Be an Innovator: Part I
We are all busy. Super busy. But somehow we make time for the things that matter to us – paying bills on time to avoid a penalty, stopping for a coffee or tea, hitting the snooze button for just 5 more minutes. Instead, we prioritize the things that matter to us most. Becoming an innovator – and being viewed professionally as such – takes prioritization, as well. You need to prioritize:
- Staying connected with colleagues
- Keeping abreast of the latest ideas and tools in the field
- Thinking about new ways to solve old problems
- Connecting the dots for people
America’s Great Innovator
To understand how to be come an innovator, we can study folks like Thomas Edison. Edison was one of the world’s most prolific innovators, with more than 1,100 patents. His contributions to science and modern life are incalculable. On his many attempts to invent the light bulb said, “I have not failed. I’ve just found 10,000 ways that won’t work.”
Putting Theory to Practice
Like Edison, you may not have a “winning solution” every time. But if your colleagues begin to view you as an innovator, you become known as someone who is closer to finding the solution than others who never look at all. When you connect the dots, filter them using your institutional expertise, and bring new solutions forward to leadership for consideration, you will be seen as innovator who thinks outside the box.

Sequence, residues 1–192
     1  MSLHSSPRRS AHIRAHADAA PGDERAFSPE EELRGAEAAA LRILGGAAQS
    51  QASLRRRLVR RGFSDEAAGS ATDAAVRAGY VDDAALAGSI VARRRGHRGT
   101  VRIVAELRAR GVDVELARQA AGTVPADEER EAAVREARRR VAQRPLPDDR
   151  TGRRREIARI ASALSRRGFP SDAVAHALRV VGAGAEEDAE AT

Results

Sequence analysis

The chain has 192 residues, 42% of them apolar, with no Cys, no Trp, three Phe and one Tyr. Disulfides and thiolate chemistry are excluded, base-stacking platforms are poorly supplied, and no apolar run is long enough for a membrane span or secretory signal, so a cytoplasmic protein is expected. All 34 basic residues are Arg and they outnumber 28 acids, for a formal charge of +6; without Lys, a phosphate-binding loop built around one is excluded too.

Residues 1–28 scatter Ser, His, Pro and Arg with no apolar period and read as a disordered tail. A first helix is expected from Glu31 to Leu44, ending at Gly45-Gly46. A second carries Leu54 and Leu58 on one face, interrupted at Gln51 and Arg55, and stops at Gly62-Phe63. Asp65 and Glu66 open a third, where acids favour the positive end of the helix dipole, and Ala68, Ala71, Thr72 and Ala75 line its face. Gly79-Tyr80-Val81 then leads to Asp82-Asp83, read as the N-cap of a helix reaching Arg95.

Using Innovation to Study Student Success
Let’s take one of my favorite topics, student success. Every day faculty and staff at nearly 7,000 institutions help students get a little closer to the completion finish line. Yet somehow, student success remains an unsolved mystery – why aren’t rates 100% for all institutions if that’s everyone’s goal? It’s not as if institutions strive to have a less than perfect rate.
If student success were an easy problem to solve, higher education leaders would have done it years ago. Digging deeper into data to find the student groups who are performing better than expected at your institution, and those who are not faring as well, can be the first step in solving the perennial goal of increasing completion rates. Luckily, you don’t have to develop your own instrument to identify the students who are most in need of additional supports. With RealityCheck, the data analysis is already done. (We’ve tried 10,000 ways it won’t work, so you don’t have to.) To be an innovator, all you need to do is determine if a tool like RealityCheck is good fit for your college or university to improve student success. Then, bring it to the attention of decision-makers and establish your place as a campus innovator.
Want to Know More?
Check out the second part of our Be an Innovator series.